Covid booster doses will be offered to over-40s
All over-40s in the UK will be offered a third dose of a Covid vaccine, after advice from the government scientists.
The move would top up protection and help limit the spread of the virus over winter.
Three doses cuts the risk of infection by more than 93%, according to new data from the UK Health Security Agency.
The Joint Committee on Vaccination and Immunisation also said 16- and 17-year-olds, initially offered only a single dose, should now receive a second.
So far, 12.6 million people have had a booster dose.
They have been given to the over-50s, front-line medical staff and people with health conditions that put them at greater risk.
People aged 40-49 will be boosted with either the Pfizer-BioNTech jab or a half dose of the Moderna vaccine, which still gives a potent immune response.
This should be offered six months after the second dose.
Deputy chief medical officer for England Prof Jonathan Van-Tam said: "If the booster programme is a success and we have very high uptake, we can massively reduce worry about hospitalisation and death this Christmas and this winter for millions of people.
"It is as simple and decisive as that."
The coronavirus remained "unpredictable" and "there just isn't a second to waste now", he added.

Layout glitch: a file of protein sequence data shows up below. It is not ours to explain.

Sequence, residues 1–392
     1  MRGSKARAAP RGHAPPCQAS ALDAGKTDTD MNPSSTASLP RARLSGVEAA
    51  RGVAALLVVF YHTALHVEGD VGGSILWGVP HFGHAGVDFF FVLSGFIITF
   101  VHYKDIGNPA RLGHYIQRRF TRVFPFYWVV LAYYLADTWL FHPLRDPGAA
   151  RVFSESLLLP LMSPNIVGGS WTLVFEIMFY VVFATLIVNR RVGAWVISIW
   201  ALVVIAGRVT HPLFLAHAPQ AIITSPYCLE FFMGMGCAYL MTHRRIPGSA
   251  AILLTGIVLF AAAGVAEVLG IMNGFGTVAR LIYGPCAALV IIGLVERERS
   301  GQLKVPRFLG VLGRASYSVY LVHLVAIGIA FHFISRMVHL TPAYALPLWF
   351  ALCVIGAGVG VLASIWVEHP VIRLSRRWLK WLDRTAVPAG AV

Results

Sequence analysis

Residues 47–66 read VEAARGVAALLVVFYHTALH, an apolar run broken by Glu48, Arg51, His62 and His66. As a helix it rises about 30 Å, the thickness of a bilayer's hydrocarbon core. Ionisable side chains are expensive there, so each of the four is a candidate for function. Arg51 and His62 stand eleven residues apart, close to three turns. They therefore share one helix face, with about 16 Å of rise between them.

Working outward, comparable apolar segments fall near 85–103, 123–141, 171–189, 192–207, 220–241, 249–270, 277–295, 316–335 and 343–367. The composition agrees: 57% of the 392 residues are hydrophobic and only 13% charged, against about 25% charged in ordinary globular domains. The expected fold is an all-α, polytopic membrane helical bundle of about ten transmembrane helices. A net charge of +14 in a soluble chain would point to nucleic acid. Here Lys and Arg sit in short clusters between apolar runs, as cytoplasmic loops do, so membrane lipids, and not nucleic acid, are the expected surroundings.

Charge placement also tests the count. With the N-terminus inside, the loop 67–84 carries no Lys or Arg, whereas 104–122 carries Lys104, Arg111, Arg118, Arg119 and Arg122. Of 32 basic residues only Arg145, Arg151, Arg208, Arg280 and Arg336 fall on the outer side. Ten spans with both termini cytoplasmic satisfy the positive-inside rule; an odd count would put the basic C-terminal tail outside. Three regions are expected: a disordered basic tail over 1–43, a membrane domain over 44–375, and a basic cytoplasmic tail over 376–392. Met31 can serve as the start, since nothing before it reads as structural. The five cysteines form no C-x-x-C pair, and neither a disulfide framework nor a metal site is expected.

Experts anticipate a booster would reduce the risk of death, or severe disease needing hospital care, by even more than the 93% cut to the chances of catching Covid.
Each nation in the UK has formally accepted the vaccine scientists' advice.
Health and Social Care Secretary Sajid Javid said: "I have asked the NHS to prepare to offer those eligible a vaccine as soon as possible."
The Medicines and Healthcare products Regulatory Agency said the booster doses were safe and side effects mostly either a sore arm or flu-like symptoms.
The MHRA had identified "no new safety concerns" during the booster campaign, chief executive Dr June Raine said.
"This further strengthens our ability to ensure people are protected against Covid-19 and saves lives," she said.
Vaccine protection does fall after the second the dose.
And Prof Wei Shen Lim, from the Joint Committee on Vaccination and Immunisation, said all adults under 40 "may well be" offered a booster dose eventually.
Concerns about the risk of heart inflammation, known as myocarditis, meant 16- and 17-year-olds were initially offered only one dose of a Covid vaccine.
But Dr Raine said the MHRA was "not detecting any increase in risk with the second dose" and young adults should now "come forward for their second dose".